The Spoils of War (The Damned) Hardcover – 1 Apr 1993
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About the Author
Alan Dean Foster is the author of many SF adventures, the Spellsinger fantasy series and a number of film and TV tie-ins - including the hugely popular Alien novelizations. --This text refers to an out of print or unavailable edition of this title.
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It was a very interesting series. Yes, the basic premise is sorta silly. A thousand yr war has been going on...basically by 'civilized' species that abhore war. Then, Earth is discovered, and humans, being insanely warlike and aggressive...are enlisted into this war and we turn the tide. If you can get over the silly notion that thousands of yrs of war has been perpetuated by species too civilized for it...and that humans are really the uncontrollable aggressive species in the universe...it's a very enjoyable read.
The way FOSTER delivers the series, you can suspend your beleif's about the obvious inconsistency in my first paragraph...and just enjoy the story and great characters.
Each book can basically be a stand alone story. Tho, I really wanted to get to the next one in the series...each book has a unique storeyline. If I remember correctly, even the first 2 books portrayed differing timelines. The first book was all about the initial encounter between humans and the "Weave". The weave being a consortium of races bound together to battle the "Amplitur" and their all encompassing expansion of a religious type of doctrine called "The Purpose".
The Second book had different characters and was further along the timeline of this war. This last book, the war (since first contact with humans) had been going on for hundreds of yrs...so again, you have a different cast of characters and a different storyline. The basic premise of the "Weave vs Amplitur" war is still going on...but, now, the war is coming to a conclusion.
This book is all about how the war ends, and...more importantly to this book...what to do about the overtly aggressive humans once the war is over.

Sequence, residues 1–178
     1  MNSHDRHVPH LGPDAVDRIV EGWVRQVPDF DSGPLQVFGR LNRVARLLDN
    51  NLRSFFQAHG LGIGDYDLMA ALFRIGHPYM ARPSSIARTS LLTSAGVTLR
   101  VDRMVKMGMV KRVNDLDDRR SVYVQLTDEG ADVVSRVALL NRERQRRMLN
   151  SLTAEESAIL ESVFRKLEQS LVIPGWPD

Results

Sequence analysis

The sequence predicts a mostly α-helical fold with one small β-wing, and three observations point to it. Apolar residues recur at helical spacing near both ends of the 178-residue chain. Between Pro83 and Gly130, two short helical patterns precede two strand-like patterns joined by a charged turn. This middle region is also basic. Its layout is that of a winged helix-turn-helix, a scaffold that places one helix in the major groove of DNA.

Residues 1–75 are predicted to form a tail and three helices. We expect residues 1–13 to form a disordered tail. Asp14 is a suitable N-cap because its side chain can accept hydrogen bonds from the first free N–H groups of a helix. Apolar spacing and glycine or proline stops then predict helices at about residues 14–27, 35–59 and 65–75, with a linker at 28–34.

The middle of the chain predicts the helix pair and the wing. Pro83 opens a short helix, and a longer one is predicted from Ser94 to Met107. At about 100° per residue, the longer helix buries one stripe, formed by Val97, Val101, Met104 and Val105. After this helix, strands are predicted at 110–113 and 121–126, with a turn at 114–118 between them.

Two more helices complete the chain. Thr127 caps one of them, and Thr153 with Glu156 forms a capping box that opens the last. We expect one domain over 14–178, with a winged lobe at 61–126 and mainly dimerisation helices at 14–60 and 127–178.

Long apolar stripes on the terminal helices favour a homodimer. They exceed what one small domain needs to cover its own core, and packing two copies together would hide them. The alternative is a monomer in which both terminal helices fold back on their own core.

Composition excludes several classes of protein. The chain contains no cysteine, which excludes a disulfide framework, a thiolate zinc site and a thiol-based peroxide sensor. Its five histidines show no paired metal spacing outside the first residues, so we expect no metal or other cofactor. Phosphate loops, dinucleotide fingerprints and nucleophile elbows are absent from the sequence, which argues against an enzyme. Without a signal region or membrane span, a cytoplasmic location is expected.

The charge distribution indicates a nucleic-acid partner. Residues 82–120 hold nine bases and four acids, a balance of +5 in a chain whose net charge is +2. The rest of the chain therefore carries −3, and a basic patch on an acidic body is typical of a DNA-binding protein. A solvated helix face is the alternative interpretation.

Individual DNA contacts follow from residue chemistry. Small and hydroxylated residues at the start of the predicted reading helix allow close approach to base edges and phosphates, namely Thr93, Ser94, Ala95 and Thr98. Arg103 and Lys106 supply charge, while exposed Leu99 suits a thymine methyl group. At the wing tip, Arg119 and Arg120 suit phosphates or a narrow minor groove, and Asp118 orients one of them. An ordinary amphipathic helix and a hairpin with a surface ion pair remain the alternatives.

Yes, humans are portrayed as primatively aggressive. But, we realize it, we understand this in ourselves. At the same time we are trying to come to grips with our aggressiveness, we are a little dismayed that the "weave" consortium is both afraid of us, and unwilling to accept us into their little club at the end of the war. After all the sacrifices we made to end it. We are portrayed as both thinking and intelligent...but also aggressive and primative. We scare the hell out of our allies, they want no part of us at the end of the war.
A unique "Wais" scholar...small, fragile and birdlike species...has been studying humans. She puts herself in battle situations with humans (completely unheard of from any other wais)... to study how we interract with other species. She forms a bond with a colonel, Nevan...and they both try to come to grips with who humans are, and how we can deal with life after the war. She is both an admirer of humans, and a critic...
Book has some unique twists...you really care about the characters and what happens to them. This is what saved me from putting the book down. I was able to overcome the implausabilty of the storeyline, by just enjoying the story and the people.
I still think the first 2 books were much better. Both of them being very good. This book tended to want to make a statement and talk more about social and evolutionary changes in human nature. Much of it I couldn't really agree with...but some of it I couldn't disagree with. Being the book it was...it just wasn't as fun as the first 2.
Still, I enjoyed it...had a good time reading it (2 days)...and it concluded the series in good fashion. I would recommend it for those who want to finish the series.
Lalelelang, a Wais who studies humanity, is the main character, and human Colonel Staait-ien (also of the telepathic Core) is the secondary character. Unlike the other books, Foster stays magnificently focused on the story with about 90% of the book directly involving scenes with the main characters that advance the plot. This is a huge improvement. Foster can write well, provided he doesn't go off on zillions of tangents (a case with his work in general).
This novel gave me exactly what I wanted: a philosophical novel which concluded the Weave/Amplitur war and wasn't rosy afterwards. It explores the potential for violence in humanity within the confines of Foster's idealized alien universe. If you like either of the previous books in this series, you'll love this one because it's better than both of them.